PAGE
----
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Abstract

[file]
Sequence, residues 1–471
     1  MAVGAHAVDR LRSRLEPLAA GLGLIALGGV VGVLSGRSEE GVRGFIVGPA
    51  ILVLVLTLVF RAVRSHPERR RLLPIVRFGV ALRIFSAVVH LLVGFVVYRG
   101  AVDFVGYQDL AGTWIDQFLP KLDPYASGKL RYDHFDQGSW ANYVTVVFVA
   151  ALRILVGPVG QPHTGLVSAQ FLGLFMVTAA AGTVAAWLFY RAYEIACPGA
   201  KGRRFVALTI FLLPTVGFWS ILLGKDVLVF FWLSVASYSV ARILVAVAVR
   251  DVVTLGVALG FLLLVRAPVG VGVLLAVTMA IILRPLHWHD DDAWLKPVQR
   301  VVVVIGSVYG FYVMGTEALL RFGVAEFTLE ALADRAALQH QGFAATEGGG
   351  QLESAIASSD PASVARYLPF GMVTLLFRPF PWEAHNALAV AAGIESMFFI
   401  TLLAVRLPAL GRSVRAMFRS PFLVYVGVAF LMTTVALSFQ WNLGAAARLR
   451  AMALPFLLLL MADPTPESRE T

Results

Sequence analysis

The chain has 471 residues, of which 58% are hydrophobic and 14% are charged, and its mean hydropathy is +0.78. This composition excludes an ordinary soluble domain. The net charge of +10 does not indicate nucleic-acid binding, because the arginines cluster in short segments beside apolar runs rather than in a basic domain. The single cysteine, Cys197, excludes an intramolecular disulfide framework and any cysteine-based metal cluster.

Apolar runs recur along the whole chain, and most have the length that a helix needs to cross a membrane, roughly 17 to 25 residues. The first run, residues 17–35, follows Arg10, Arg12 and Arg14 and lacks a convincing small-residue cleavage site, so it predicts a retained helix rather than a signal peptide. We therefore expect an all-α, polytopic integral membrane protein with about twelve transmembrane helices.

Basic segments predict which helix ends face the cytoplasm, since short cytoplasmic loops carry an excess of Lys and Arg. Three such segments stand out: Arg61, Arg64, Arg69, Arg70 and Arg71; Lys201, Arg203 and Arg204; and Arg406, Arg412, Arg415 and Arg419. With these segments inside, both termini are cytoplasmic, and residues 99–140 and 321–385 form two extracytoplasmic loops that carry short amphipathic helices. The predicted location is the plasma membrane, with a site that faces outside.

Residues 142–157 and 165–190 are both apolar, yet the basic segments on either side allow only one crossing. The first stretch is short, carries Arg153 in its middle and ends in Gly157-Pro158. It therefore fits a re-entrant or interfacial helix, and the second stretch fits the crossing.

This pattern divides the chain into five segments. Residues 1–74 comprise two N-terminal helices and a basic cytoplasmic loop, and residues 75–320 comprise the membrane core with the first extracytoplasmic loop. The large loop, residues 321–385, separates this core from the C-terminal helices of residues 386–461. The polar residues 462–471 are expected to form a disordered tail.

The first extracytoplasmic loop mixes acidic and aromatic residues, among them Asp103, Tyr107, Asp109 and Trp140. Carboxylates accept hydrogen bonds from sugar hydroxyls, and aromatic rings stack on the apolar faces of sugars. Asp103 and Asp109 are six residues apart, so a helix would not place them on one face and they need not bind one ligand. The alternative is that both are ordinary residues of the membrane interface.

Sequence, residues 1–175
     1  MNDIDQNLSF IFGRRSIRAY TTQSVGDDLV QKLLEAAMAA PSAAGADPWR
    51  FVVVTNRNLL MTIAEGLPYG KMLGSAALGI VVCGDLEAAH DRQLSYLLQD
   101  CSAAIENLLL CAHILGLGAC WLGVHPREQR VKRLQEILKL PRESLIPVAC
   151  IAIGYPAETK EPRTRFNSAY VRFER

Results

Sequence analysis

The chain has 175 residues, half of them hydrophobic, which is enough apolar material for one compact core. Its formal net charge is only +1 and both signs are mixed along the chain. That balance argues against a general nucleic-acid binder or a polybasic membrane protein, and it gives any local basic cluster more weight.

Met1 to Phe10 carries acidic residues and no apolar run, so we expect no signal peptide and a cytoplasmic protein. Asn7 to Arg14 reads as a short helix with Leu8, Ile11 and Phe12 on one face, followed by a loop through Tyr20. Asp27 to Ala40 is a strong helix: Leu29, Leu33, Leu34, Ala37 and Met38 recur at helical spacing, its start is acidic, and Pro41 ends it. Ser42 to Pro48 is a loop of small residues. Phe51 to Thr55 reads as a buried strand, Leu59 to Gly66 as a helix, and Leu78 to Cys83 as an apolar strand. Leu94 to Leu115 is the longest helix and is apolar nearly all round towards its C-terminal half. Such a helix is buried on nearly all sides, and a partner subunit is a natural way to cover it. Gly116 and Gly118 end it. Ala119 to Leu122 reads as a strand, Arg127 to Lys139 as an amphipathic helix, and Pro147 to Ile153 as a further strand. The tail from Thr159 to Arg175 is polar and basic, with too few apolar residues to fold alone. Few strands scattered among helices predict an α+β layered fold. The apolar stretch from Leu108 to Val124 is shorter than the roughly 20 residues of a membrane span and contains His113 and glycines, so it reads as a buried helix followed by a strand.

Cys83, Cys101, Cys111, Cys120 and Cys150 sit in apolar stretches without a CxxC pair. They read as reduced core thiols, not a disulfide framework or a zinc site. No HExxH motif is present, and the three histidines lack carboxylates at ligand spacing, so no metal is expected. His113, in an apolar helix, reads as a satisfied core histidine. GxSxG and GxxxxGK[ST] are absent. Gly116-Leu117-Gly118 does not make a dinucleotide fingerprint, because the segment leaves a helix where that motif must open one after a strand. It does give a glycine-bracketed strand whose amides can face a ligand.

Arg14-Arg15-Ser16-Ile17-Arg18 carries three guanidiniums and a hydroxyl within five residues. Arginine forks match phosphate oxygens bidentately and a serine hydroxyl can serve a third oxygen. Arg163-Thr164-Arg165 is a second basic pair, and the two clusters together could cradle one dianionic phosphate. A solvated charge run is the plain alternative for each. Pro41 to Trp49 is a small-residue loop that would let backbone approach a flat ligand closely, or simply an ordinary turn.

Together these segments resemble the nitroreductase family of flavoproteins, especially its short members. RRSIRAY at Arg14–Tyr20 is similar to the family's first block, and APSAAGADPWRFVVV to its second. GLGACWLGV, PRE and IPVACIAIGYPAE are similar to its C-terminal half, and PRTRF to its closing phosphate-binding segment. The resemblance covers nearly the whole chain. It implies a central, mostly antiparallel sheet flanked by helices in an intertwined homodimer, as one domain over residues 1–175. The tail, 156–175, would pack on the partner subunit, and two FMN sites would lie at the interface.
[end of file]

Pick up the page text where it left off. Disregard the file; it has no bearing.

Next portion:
High frequency (fourth- and fifth-order) cyclicity is a common feature of sedimentary sequences in all depositional settings. While tectonism and autocyclic processes are clearly responsible for this cyclicity in some instances, many cases are interpreted as resulting from orbitally forced variations in solar insolation at the Milankovitch frequencies, that is, the precession and short and long eccentricity cycles at scales of tens of thousands to hundreds of thousands of years. This forcing is presumed to have controlled sedimentation through periodic changes in climate or sea-level. Examples of interpreted Milankovitch-frequency cyclicity occur throughout the Triassic record, and include much of the German Triassic, the Alpine Triassic and the Newark Supergroup of North America. The cyclostratigraphy of these sections has been used as a tool for intrabasinal and interbasinal correlation, and for chronostratigraphy. These interpretations are not always without controversy, however, as conceptual arguments and radio–isotopic age data have called some of these conclusions into question.

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